# Basic questions on sampling sizes and basic question on sample means

Discussion in 'Probability' started by 2.7182818284590..., Oct 15, 2010.

1. ### 2.7182818284590...Guest

I work in a lab where we collect ~200 data points in a period. The
data that we collect is blood sugar. OK, here is my VERY BASIC
QUESTION:
1. I am not sure how the prob. curve is shaped, but should we simply
take a sample size of 30 for quality control processes?

2. What are the governing equations describing all this?

Finally, here is a very different question that I'm interested in:
Suppose that the average height of men is 70" with a STDDEV of 2.5".

Now, suppose that I collect 2 men per sample, and I measure their
sizes. What would be the STDDEV of this statistical test? I realize
that the STDDEV would be quite smaller, but what are the governing
equations here?

2.7182818284590..., Oct 15, 2010

2. ### Jasen BettsGuest

depends what you are going to do with them.
I think you are looking for the chi-square test, or may atleast find
http://en.wikipedia.org/wiki/Chi-square_test#Chi-square_test_for_variance_in_a_normal_population

Jasen Betts, Oct 17, 2010

3. ### Peter WebbGuest

Ë™ÊžÉ”Ä±É¹Ê‡ ÇÉ”Ä±u

Peter Webb, Oct 17, 2010
4. ### 2.7182818284590...Guest

Hello,

In our blood sugar lab, we are going to take the mean and the STDDEV
for quality control purposes. We are sure that if the average sugar
level of patients is 100 with a small STDDEV, and one random week, the
average is 125, we know that there is something wrong in the way we
are taking data or there is a public health issue at hand. Most
likely, however, there is something wrong with the way we are
gathering data.

My big question are these:
1. Basically, how do we statistically sample all this? IE, do we use
sample sizes of 30 every week? How many samples do we need to be
within +/- 5% of the mean.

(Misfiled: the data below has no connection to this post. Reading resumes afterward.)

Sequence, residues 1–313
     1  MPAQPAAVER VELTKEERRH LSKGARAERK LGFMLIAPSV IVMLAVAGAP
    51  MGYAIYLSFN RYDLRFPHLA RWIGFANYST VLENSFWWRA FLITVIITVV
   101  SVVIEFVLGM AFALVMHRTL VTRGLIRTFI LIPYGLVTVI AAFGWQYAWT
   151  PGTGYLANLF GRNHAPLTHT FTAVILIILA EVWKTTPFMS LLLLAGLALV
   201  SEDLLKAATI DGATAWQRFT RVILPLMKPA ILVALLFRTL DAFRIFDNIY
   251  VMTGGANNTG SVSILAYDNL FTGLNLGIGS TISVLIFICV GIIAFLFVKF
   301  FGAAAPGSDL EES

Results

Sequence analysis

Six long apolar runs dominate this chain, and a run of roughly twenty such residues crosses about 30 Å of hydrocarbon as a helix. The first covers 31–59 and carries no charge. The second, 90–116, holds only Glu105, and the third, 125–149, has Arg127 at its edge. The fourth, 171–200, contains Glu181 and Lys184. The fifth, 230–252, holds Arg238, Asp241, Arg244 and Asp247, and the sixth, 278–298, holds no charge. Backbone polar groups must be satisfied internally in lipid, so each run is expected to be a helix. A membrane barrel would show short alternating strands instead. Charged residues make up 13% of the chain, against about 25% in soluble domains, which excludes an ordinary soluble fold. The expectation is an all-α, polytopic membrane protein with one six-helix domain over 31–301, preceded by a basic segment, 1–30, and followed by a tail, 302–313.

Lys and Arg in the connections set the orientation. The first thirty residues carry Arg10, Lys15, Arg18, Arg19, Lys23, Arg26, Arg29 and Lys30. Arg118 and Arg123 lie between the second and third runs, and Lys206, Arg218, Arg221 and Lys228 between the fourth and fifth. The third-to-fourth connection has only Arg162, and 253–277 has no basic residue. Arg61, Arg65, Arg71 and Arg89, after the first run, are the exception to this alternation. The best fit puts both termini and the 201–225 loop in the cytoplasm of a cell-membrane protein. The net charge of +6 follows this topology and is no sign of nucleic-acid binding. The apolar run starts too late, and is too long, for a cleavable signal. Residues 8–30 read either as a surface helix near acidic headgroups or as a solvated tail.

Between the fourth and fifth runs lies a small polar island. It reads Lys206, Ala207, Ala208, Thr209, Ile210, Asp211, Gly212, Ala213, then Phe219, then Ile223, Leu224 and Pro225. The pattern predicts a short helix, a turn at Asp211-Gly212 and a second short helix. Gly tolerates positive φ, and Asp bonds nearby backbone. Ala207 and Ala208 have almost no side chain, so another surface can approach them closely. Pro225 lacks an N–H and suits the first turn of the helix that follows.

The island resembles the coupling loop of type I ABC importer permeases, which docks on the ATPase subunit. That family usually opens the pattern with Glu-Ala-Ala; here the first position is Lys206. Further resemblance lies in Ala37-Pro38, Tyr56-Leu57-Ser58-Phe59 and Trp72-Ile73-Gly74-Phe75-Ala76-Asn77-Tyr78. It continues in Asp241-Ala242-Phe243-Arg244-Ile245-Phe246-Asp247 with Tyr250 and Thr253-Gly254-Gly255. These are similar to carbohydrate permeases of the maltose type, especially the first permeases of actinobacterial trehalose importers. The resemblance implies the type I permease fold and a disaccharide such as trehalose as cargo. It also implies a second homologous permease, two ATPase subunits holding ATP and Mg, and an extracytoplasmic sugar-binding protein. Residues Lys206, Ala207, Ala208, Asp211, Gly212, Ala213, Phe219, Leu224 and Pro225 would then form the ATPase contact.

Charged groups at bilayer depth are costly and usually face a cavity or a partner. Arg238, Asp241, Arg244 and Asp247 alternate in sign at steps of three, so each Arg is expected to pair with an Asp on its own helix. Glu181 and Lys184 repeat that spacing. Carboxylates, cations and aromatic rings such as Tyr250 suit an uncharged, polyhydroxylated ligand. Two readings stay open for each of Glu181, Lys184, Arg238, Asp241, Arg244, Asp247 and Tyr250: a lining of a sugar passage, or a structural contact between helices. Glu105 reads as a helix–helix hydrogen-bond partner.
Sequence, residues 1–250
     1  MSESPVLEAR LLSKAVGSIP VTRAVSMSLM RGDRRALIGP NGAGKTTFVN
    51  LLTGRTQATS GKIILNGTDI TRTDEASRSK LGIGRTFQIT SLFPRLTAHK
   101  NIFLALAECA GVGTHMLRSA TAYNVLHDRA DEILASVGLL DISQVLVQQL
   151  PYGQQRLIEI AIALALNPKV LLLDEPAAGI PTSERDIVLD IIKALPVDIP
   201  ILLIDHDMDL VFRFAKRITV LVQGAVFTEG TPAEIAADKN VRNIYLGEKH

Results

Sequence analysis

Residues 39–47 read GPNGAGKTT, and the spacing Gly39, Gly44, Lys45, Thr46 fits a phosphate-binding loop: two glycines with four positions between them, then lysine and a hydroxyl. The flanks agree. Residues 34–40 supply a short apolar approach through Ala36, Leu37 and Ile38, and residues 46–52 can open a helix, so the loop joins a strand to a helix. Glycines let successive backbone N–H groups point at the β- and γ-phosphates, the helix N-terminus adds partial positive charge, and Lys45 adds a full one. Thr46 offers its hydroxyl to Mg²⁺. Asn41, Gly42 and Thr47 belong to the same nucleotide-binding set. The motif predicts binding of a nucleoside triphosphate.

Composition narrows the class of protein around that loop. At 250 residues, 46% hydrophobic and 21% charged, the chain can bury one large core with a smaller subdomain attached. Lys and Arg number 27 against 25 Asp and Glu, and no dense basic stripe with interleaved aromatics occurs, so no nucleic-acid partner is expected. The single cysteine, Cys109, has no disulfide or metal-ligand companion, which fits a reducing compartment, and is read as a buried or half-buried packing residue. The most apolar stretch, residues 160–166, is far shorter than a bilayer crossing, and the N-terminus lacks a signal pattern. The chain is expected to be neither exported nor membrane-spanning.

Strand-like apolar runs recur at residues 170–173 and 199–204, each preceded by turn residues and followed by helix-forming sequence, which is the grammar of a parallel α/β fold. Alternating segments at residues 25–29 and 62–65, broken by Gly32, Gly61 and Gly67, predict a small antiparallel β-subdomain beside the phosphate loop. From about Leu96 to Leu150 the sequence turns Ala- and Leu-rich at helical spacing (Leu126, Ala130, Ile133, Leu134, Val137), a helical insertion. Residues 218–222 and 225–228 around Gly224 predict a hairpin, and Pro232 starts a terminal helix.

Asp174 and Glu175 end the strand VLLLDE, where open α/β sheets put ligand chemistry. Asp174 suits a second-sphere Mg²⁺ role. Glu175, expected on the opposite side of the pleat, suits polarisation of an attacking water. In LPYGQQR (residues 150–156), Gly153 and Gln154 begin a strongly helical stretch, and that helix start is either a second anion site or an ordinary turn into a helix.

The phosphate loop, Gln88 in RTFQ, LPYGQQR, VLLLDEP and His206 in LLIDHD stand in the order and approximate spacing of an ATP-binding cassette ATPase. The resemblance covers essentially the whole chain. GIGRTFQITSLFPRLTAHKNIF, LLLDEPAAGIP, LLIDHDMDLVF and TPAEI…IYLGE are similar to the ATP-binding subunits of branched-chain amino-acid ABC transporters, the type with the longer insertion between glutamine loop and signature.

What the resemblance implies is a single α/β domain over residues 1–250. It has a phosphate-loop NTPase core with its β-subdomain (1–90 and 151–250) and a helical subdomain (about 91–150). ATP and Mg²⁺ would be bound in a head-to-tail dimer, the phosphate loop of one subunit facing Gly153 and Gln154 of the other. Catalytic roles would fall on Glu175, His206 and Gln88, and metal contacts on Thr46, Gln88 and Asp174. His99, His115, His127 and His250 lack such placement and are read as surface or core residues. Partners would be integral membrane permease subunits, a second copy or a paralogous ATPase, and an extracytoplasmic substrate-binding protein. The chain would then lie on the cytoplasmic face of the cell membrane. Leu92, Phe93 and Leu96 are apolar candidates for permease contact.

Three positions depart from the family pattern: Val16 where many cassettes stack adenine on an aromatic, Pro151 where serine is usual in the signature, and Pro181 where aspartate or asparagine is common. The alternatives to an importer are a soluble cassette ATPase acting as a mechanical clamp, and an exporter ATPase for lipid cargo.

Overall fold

For example, suppose that the average is 100, STDDEV is 10, and the
total population is ~200. How many samples do we need to analyze for
a margin of error to be 5%?

2. If we can put all this data into Excel, what would be the
DISADVANTAGES of simply analyzing ALL 200 weekly data points?

2.7182818284590..., Oct 17, 2010
5. ### Jasen BettsGuest

you need all of them to be certain to be withing 5% of the mean,

it appears that you are not intending to re-test the samples but
instead to just re-process the results, so why not put all of them
into the computation?
margin of error is an egineering term, in statistics the best you can
do is a confidence interval, a confidence interval gets you a range
and a probability.

if the test says for examply you're 98% sure that the mean is between 97
and 103 that's probably a good result but if it comes out 98% rpobability
that it's between 95 and 99 you may want to investigate.

the chi square test will tell you if the sample mean (mean of eg. 30
measurements) is likely to be consistent with a population mean of 100.
If you don't need to copy the data by hand I can see no disadvantages.

If the data is in a database I would ask the database to give me
the mean rather than copying the data and then processing it in excel.

I was of the impression that laboratory tests were calibrated by using
a standard solution of known concentration, why not confirm your
processes that way?

Jasen Betts, Oct 18, 2010
6. ### 2.7182818284590...Guest

Excellent answer my friend. I very much appreciate this.

2.7182818284590..., Oct 20, 2010